Programs that make condoms available to students on school grounds are also promising, many researchers believe, although the evidence to confirm that opinion remains sketchy.
AIDS-education courses are "a 'how to' to have sex."
Many experts suspect that the addition of free condoms in student health centers and administrative offices can increase condom use among sexually active students.
More than 430 public schools and 50 districts have adopted condom-availability programs, according to a study published by the Alan Guttmacher Institute, a nonprofit research group based in New York City.
A three-year study by the Academy for Educational Development, a national education research and policy organization, promises to shed some light on the issue. Set to be published later this year, the study compared condom-distribution programs in two big-city districts and is expected to provide the best documentation so far of the theory that making condoms available in schools can reduce risky sexual conduct among students.
The bulk of the research on "abstinence only" curricula--which promote sexual abstinence until marriage and eschew discussion of contraceptives except to detail their failure rates--has been less convincing, researchers say. "The weight of the evidence indicates that these abstinence-only programs do not delay the onset of intercourse," Mr. Kirby writes.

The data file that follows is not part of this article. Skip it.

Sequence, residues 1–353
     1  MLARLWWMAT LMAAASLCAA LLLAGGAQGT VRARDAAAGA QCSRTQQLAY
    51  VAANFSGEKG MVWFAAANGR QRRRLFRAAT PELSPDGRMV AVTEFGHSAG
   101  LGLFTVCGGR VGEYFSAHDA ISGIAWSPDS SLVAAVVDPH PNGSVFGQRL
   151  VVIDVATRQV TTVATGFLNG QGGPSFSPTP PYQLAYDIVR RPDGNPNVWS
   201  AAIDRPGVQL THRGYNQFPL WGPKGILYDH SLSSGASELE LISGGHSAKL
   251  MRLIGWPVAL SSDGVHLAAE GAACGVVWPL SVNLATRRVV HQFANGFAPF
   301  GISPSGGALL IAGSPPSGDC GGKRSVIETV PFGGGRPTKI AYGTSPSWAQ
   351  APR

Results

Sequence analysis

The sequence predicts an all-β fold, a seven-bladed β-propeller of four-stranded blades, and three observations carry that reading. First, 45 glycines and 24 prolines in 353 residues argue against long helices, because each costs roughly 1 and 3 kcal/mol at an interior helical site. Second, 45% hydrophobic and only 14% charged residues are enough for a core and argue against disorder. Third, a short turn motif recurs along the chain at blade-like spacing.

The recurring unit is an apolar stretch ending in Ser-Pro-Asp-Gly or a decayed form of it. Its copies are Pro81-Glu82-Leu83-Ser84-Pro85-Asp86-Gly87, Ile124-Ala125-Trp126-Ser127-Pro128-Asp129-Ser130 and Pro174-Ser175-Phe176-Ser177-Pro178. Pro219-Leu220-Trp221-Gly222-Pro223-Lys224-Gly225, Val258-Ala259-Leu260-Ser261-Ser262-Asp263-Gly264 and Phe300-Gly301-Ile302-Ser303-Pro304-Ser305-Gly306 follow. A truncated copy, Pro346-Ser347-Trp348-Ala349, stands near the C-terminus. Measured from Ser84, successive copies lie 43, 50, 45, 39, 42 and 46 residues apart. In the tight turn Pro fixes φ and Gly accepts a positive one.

However, Ms. Hsu argues that such an assessment is premature. A study last year of a sex education program in the District of Columbia schools showed that abstinence-only teaching can yield positive results, she said.
The evaluation of the program run by Best Friends, a Washington-based organization that promotes abstinence education in schools, found that 1.1 percent of the girls in grades 5-12 enrolled in the course became pregnant, compared with a 25 percent pregnancy rate among girls of the same age in the city's population as a whole. "This study found that participants were far less likely to have engaged in sex than were non-participants," Ms. Hsu said.
Funding, Time Constraints
Often, the public debate over the content and tone of AIDS curricula overshadows some of the practical dilemmas faced by educators in the classroom, said Brenda Z. Greene, the manager of school health programs for the National School Boards Association.
Curriculum and teacher training costs can be prohibitive, especially in schools that are struggling to improve academic achievement.
"Many districts face inadequate resources," Ms. Greene said, "and so they're going to focus on the core subjects." Even in schools with both the funding and the enthusiasm for effective AIDS education, she added, there still may not be enough time in the school day to teach it.
In Denver, Mr. Carreras sandwiches his three-week Skills for Life course in between lessons on Mesopotamia and the evolution of human culture.